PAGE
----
But as they soon learned the whole thing was a scam.
"They’re saying that we have a warrant out for your husband’s arrest. We need to speak to him immediately,” said Meena Daswani.
The caller would not go into detail. He just identified himself as an officer with a crime investigation unit and it was urgent.
“I started to cry. I got very emotional. I’m like, ‘you’re kidding, this is ridiculous,’” said Meena Daswani.
They wanted her husband’s cell phone number, but something didn’t seem right, so she refused to give it to them. Instead, she asked for their number so her husband could call back.
The call originally showed up on her phone as an unknown number. The number they gave her to call back had a 732 area code, a number based in New Jersey.
When Amit Daswani called it, the man who answered identified himself as Officer Jason Smith, telling him he was with the Federal Crime Investigation Department , and Daswani owed thousands to the IRS.
“He transferred me to a supervisor who told me that they can drop these charges if I go ahead and pay the penalties of around $1,000,” said Amit Daswani.
When he started asking questions and wanted to resolve the matter locally, they stepped up their threats.
“They were very aggressive, and yeah, they pretty much tried to call me a scumbag for not paying my taxes,” said Amit Daswani.
They then said they would have the Virginia State Police come arrest him if he didn’t pay up.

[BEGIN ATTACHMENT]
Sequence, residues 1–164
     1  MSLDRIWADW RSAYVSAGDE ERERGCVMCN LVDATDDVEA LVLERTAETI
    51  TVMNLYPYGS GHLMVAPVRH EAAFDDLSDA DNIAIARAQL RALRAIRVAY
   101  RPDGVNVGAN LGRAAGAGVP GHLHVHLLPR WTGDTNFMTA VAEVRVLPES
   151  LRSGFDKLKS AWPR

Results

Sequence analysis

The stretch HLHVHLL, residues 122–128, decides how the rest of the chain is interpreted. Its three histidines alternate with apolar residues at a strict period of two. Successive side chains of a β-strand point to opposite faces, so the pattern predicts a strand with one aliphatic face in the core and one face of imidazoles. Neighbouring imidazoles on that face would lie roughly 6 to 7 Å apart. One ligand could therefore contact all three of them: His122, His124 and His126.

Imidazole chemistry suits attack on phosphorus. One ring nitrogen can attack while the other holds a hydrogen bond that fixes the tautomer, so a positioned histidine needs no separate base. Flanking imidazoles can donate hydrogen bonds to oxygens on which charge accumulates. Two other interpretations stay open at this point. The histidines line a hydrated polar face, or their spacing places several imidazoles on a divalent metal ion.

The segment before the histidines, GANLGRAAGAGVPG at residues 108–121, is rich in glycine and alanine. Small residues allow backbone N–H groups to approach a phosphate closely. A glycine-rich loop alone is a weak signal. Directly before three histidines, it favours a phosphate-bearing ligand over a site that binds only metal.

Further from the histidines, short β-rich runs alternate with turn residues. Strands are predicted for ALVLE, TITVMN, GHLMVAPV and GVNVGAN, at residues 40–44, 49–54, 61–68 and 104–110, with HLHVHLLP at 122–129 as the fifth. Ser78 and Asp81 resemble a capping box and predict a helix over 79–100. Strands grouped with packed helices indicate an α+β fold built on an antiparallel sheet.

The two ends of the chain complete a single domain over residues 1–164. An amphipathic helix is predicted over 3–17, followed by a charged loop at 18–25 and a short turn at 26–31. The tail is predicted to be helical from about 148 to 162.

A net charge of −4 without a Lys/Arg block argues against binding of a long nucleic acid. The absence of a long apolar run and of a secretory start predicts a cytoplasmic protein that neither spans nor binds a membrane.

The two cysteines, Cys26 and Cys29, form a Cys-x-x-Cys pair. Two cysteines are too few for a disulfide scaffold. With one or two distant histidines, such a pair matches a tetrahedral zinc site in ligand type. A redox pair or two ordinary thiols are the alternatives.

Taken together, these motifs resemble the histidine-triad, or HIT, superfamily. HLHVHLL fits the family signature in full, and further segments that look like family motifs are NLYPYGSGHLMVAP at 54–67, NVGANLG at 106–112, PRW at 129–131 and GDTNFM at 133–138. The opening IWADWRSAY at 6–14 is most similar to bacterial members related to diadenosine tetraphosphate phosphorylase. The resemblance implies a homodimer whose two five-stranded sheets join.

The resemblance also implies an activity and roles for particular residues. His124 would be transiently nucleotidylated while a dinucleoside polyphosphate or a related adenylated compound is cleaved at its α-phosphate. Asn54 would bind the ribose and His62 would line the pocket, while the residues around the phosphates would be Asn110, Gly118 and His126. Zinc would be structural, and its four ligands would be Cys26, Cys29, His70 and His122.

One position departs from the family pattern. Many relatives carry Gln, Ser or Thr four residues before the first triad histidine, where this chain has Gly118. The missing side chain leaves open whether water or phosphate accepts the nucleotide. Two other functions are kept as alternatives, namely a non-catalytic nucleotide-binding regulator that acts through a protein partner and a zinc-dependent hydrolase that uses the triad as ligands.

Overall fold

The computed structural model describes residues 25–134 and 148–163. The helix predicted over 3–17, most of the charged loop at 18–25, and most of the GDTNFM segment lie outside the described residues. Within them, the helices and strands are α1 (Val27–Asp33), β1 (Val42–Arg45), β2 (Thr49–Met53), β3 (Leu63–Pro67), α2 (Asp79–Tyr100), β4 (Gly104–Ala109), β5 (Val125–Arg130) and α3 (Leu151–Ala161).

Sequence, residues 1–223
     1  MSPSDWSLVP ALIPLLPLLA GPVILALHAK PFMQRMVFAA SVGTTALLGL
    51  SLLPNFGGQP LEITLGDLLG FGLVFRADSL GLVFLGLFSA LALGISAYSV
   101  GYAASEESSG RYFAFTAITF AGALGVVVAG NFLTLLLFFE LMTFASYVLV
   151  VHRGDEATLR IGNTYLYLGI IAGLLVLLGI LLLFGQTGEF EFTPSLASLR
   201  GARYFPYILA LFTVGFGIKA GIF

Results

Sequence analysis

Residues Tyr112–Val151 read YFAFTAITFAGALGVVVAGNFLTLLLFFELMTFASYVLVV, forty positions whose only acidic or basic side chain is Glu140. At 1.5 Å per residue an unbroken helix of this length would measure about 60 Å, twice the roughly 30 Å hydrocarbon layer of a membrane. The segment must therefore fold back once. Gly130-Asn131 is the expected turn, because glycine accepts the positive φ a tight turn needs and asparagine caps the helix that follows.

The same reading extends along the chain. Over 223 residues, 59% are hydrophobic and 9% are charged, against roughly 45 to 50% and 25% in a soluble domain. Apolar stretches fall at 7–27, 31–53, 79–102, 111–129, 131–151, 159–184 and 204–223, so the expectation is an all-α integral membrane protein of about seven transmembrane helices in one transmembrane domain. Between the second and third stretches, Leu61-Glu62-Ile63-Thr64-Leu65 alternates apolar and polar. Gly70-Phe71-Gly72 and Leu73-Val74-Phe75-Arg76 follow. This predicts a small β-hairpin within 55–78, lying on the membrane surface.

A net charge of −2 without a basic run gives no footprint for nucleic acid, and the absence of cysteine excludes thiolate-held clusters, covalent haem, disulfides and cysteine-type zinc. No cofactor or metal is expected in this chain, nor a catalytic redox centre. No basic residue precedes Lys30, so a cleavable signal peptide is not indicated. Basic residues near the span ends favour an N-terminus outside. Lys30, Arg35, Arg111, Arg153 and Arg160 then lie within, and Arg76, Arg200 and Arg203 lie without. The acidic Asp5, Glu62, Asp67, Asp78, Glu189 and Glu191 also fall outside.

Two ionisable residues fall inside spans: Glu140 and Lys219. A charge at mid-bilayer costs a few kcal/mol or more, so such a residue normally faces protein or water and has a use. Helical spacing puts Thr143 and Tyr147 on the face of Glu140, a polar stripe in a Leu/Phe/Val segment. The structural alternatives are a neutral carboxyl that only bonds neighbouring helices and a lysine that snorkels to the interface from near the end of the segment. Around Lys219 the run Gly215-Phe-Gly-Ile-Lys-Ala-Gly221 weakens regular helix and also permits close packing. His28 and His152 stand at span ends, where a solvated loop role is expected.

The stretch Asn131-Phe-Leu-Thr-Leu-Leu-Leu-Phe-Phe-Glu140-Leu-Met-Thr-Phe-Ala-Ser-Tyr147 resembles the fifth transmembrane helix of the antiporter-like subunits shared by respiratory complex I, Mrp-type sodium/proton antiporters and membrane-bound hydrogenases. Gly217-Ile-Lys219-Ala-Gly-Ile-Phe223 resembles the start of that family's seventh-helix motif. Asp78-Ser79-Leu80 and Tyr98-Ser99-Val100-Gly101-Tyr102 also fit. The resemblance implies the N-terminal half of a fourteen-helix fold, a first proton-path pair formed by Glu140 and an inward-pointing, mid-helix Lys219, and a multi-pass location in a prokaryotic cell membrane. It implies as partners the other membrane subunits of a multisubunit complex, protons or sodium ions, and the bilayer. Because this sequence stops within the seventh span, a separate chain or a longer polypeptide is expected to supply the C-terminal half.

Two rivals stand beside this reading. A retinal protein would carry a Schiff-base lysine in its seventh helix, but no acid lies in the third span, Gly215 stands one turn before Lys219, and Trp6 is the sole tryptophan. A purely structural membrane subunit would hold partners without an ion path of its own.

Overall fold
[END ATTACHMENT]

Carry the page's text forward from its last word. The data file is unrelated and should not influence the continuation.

Besides the fact that he pays his taxes, there were a lot of things that didn't add up. Everyone he spoke with had a heavy accent, they were willing to let him pay less than he owed, and he was given advance notice that police were supposedly coming to arrest him.
When he got off the phone, he called the Hampton Police Department and they confirmed what he already suspected - it was a scam.
“No law enforcement agency would call and solicit money in terms of, if you pay a dollar amount they would expunge any type of active warrant. That would just not happen,” said Cpl. Mary Shackelford.
Hampton police say the Daswanis did exactly what they should have by questioning the caller and asking for verification.
Shackelford said if someone doesn’t seem to be a legitimate officer, whether it’s over the phone or in-person, you should verify by calling the agency they are supposed to be working for.
Unfortunately, when it comes to tracking down the scam artists, there’s not much they can do. The numbers are often re-routed through a different country.
When NewsChannel 3 called the number, a man answered the phone by saying “State Investigation Department,” but when he learned who was calling, he hung up.
On the internet, others have posted about receiving the same call.
“They make you seem like you’re the one who’s done something wrong,” said Meena Daswani.
Although they didn't fall for it, the Daswanis just want to make sure people know about this latest scam, so that the only ones left with nothing are the scammers.